Sunday, April 26, 2015

Are they here yet?

Yes, they are!!

What are "they"? My books, of course!

The first print run of my first novel Liam Darcy, I Loathe You arrived in Cedar Fort's warehouse last week, while I was in California. I was so excited to see them that I snuck into work yesterday—on a Saturday!—to spend a little time just basking in the glow of all those awesome yellow covers.

(And to take pictures for you guys. Because I love you.)

Here they are, all boxed up on a pallet in the warehouse.

And here's some more, on another pallet.

And here's a copy I found sitting on my desk. Do not judge my desk's messiness. I've been gone for a week. (But really, it always looks like this. Except without the candy. I eat that.)

Too often I forget to celebrate my accomplishments because by the time I actually achieve a goal, I've already set five more in my head. I tend to be a little too future-oriented—always thinking about what I want to do next.

I'm sure I'm not the only person who does this. If this is you, you know what it's like to jump from project to project, always pushing yourself to be better in one way or another. But from one future-oriented-person to another, I'm reminding you to pause every so often and reflect on the things you've accomplished.

Resist the urge to make a list of all the things you want to get done in the next year, and instead make a list of all the things you've achieved in the past year. I think you'll be surprised by how much you've already done.

Seriously. Celebrate. You are awesome!

In other news, I hope to see you all at Women's Conference (all three of you that are reading this) at the BYU Store this Thursday, (4/30) from 9:00 to 11:00 am, where you can get your first sneak peek at this book in person before it's even available in stores. I'll also be signing copies of Tiny Talks and giving away a copy of Liam Darcy, I Loathe You to one lucky fan.

(I love how I say that like I have fans. Hahahaha.)

Oh, and in case you didn't hear, I made a website: I promise it'll look better as soon as I figure out what I'm doing. Wish me luck!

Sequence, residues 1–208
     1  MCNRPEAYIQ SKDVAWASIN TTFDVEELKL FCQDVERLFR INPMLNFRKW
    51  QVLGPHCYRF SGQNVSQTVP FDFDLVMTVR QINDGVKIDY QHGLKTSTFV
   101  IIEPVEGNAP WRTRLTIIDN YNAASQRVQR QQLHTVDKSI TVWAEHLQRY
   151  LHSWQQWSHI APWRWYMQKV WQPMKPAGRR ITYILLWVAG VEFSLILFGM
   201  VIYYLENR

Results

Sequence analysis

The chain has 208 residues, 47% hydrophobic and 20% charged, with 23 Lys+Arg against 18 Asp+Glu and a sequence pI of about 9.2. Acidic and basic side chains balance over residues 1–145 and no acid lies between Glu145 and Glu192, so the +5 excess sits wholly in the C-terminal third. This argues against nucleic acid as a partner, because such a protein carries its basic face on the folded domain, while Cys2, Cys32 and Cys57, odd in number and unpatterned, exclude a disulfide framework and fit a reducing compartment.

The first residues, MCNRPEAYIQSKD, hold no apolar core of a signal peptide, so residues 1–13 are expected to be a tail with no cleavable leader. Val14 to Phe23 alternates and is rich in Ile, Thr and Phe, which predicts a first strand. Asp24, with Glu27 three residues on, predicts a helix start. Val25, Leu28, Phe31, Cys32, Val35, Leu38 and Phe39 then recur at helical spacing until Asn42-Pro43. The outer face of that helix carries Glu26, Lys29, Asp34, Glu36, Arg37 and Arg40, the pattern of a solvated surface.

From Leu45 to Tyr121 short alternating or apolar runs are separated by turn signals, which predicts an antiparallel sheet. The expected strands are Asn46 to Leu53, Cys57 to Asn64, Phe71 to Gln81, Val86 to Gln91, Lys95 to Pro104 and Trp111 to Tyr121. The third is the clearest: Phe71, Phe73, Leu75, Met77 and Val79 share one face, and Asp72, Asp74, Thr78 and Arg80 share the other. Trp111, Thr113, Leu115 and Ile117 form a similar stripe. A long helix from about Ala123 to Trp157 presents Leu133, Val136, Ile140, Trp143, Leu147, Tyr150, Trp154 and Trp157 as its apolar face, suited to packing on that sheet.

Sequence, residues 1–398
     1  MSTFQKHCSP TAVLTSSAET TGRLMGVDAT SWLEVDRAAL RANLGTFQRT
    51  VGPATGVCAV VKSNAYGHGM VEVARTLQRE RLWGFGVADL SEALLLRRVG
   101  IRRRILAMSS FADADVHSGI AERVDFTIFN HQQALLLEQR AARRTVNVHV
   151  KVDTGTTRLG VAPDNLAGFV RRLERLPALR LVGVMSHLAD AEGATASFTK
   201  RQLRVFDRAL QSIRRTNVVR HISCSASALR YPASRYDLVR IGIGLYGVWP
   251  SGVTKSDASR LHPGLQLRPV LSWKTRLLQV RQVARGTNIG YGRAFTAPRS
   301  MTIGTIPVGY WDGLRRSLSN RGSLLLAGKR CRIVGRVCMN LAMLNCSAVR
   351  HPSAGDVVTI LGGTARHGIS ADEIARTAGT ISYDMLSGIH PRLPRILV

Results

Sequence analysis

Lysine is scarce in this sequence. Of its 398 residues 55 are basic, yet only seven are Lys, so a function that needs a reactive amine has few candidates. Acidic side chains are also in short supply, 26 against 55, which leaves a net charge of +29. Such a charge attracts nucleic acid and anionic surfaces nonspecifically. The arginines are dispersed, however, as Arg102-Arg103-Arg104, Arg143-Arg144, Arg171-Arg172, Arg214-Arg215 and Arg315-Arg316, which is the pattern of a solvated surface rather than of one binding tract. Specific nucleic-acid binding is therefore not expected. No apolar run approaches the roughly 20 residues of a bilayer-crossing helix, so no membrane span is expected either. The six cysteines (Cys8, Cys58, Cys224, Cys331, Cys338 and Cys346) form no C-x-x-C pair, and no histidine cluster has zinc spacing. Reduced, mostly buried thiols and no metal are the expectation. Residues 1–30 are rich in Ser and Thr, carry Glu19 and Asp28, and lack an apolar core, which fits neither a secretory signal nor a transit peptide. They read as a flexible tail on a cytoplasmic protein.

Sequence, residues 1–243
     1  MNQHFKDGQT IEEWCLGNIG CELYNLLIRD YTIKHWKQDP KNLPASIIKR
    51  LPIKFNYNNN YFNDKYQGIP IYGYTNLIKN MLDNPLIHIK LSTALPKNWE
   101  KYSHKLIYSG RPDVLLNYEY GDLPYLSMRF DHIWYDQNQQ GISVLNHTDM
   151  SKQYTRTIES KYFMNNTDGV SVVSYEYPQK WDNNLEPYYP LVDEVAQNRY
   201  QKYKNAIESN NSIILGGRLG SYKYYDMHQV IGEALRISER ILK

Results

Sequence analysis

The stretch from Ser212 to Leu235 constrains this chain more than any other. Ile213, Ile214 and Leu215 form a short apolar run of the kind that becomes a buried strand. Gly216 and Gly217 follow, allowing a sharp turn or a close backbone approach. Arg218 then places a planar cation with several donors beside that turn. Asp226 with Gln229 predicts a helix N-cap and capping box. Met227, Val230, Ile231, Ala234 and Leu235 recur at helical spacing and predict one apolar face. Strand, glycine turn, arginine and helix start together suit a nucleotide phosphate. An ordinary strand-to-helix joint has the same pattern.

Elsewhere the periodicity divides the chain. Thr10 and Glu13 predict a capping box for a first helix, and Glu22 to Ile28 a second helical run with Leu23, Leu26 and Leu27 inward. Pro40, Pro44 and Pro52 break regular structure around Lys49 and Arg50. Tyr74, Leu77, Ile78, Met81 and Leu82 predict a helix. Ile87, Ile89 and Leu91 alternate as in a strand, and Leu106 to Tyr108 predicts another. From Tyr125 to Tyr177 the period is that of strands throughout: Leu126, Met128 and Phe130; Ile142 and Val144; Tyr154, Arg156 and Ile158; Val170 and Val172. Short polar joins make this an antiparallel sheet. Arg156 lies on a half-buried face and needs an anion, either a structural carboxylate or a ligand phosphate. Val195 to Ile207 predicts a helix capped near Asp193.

Thursday, April 16, 2015

What are your biggest regrets?

I know the kosher answer to this question is "Nothing, because every choice I've made has taught me something about myself."

That's all well and good—and it's probably true. But I also think it's BS. No one wants to admit that they messed up or confess to a golden opportunity they failed to see.

And while the past is the past and there's nothing you can do to change it, that doesn't mean you can't think about it every now and again and wonder what would've happened if . . .

So, here's my list.

I'll warn you right now that this list is a lot more personal than what I usually post, which is why you won't find long explanations to go with each one. The details could get me in even more trouble. But I'm putting it up in the hopes that it will help you think about what would be on your list.

Maybe if we all spend a little time considering our lists now, we'll be more likely to recognize the next golden opportunity before it's gone or keep ourselves from messing up in the future. I know that's wishful thinking and hindsight is 20/20 and blah, blah, blah. But I still think this will be a useful exercise for me.

Plus I'm trying to put off packing for my trip/cleaning the house before I leave/writing my book. Indulge me.

Okay. Here goes . . .

1. Saying "I love you." Even though it was true, I shouldn't have said it.
2. Hiding in the laundry room and not answering my phone.
3. Stubbornly pouting through Peter Pan.
4. Quitting piano. (duh)
5. Writing a letter. Actually, several. I tend to say more than I should in writing. Surprise, surprise.
6. Buying those expensive heels I hardly ever wore.
7. Not taking journalism in school.
8. Not taking my college grades seriously.
9. All those times I totally binged on my mom's cooking. Like way beyond full.
10. Playing minesweeper instead of playing with my two-year-old brother.
11. Checking my phone while driving.
12. Not even applying to anywhere but BYU.
13. Waiting to be kissed.
14. Not writing to Nani while she was on her mission or sending her birthday cards when I said I would.
15. Being too afraid of failing at sports that I didn't even try them.
16. Sleeping on the edge of the tarp.
17. Not standing up for a friend.
18. Not taking a semester off to refocus.
19. Walking away too quickly instead of waiting to let the moment play out.
20. Taking the easy route.
21. Dropping Ali.